A new industry group is seeking provincial approval to oversee recycling pickup from urban apartments but questions persist over how its plan will work.
StewardChoice Enterprises has pitched itself as a parallel offering to Multi-Material BC and wants the province to approve its plan to serve as a second stewardship group to handle packaging and printed paper.
StewardChoice argues MMBC’s recycling collection system isn’t yet serving most multifamily buildings in Metro Vancouver and Greater Victoria, where it initially aims to operate.
Businesses that object to being members of MMBC – many call it an unresponsive monopoly – would have the choice to instead pay into StewardChoice to meet their responsibility to finance the recovery of their waste packaging and paper under B.C.’s recycling regulation.
Metro Vancouver planners and politicians told the regional district’s zero waste committee Thursday there are too many unknowns to say if the proposal is beneficial.
“I do think competition could actually drive solutions to some of the problems we’re facing with MMBC,” Vancouver Coun. Andrea Reimer said. “It could also confuse the heck out of it so nobody knows what’s going on.”
She said competition in packaging stewardship might spur all the players to be more transparent and fix problems that have drawn complaints from local cities.
Reimer wants firm targets to increase package and paper recycling rates, more focus by producers on reducing package waste at the front end and improved pickup of glass, which MMBC isn’t accepting curbside in most cities.
She noted MMBC’s monopoly made for one-sided negotiations with city councils.
“In a competitive model, MMBC would not be able to put a contract on the table and say ‘take it or leave it,'” Reimer said.
A Metro staff report, however, cautions a rival agency like StewardChoice could undercut MMBC revenues and destabilize the new industry-led recycling system, which is supposed to shift the costs from taxpayers to business.
“It is important that moving to a competitive model is done in a way that creates a level playing field so as not to undermine the success of the MMBC program.”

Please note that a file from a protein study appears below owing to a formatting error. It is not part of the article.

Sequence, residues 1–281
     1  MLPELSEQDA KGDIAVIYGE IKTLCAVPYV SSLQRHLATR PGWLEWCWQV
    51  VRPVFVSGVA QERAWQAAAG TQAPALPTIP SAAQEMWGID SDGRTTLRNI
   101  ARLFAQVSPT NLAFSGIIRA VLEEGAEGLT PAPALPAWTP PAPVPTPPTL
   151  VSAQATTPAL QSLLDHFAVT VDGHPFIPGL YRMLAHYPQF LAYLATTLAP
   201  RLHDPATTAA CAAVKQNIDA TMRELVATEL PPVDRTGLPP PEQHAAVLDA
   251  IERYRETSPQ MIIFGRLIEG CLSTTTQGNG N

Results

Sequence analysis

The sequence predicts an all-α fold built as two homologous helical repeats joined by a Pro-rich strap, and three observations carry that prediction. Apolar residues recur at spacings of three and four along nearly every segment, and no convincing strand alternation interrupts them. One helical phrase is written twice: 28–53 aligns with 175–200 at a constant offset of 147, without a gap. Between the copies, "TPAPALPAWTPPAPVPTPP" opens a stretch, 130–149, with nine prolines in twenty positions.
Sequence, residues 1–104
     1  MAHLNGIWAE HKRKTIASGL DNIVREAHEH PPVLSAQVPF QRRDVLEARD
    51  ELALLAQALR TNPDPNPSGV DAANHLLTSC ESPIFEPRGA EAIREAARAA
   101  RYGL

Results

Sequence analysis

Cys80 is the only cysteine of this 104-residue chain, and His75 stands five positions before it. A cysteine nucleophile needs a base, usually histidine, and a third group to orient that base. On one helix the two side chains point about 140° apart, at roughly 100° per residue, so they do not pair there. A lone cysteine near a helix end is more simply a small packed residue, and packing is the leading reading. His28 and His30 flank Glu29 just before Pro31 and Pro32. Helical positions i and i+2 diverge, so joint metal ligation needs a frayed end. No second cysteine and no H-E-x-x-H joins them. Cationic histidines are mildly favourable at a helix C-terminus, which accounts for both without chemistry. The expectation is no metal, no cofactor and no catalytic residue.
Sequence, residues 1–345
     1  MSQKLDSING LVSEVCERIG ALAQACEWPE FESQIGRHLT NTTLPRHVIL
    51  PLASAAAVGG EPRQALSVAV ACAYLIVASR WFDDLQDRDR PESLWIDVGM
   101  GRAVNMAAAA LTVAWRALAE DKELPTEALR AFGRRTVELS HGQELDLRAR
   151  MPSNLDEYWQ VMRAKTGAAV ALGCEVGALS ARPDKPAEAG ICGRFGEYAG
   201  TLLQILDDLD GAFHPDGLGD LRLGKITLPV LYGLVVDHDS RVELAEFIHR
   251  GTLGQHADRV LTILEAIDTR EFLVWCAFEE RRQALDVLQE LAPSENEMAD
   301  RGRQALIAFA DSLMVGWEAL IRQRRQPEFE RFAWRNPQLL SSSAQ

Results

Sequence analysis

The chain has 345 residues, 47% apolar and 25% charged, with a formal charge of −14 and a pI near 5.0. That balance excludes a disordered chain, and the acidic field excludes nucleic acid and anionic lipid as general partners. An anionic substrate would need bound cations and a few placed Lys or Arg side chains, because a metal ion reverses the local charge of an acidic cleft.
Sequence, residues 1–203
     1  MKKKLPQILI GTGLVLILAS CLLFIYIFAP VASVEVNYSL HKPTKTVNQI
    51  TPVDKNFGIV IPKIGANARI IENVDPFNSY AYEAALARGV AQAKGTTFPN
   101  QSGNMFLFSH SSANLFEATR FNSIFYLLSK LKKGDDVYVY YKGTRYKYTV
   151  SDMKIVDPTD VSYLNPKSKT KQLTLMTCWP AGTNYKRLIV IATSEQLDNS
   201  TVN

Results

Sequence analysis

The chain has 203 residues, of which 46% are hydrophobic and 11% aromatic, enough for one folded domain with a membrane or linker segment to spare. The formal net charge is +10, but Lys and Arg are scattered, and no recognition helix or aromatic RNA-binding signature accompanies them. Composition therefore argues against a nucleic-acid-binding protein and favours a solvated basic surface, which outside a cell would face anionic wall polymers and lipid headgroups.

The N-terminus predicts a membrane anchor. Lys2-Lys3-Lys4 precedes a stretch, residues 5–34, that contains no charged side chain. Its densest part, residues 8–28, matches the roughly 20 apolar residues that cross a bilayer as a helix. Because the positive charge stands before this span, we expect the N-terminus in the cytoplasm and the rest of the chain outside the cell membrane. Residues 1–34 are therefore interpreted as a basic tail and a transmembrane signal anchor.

StewardChoice development director Neil Hastie said the initial first year target is to take 8,000 tonnes of recyclables, or about five per cent of what MMBC handles.
“It’s hard to imagine why a company like ours coming in and taking five per cent of the market would destabilize a company that has 95 per cent of the market,” he said.
Hastie said StewardChoice is now finalizing its proposal to government after consultations over the summer wrapped up Sept. 12.
Still unknown is exactly where StewardChoice would operate – one of the questions Hastie aims to answer by year end.
Most multifamily buildings pay private haulers to take away recyclables as well as garbage.
StewardChoice would persuade those haulers to join its system instead of MMBC’s.
It would then pay them to collect the apartment recyclables using money from waste-generating companies that sign up as StewardChoice members.
One major hauling firm StewardChoice expects to partner with is Progressive Waste Solutions, Hastie said.
There’s been a “pretty decent response” from B.C. companies interested in becoming members, he added.
Municipalities wouldn’t get payments from StewardChoice as most do from MMBC because they don’t cover multifamily recycling costs.
But Hastie said StewardChoice may try to negotiate broader residential recycling coverage for the holdout cities in the Lower Mainland that decided against being part of MMBC’s system.
“Abbotsford, the Township of Langley and Delta are not receiving producer-funded recycling,” he said. “So we are evaluating whether or not we could provide producer funding to those communities too.”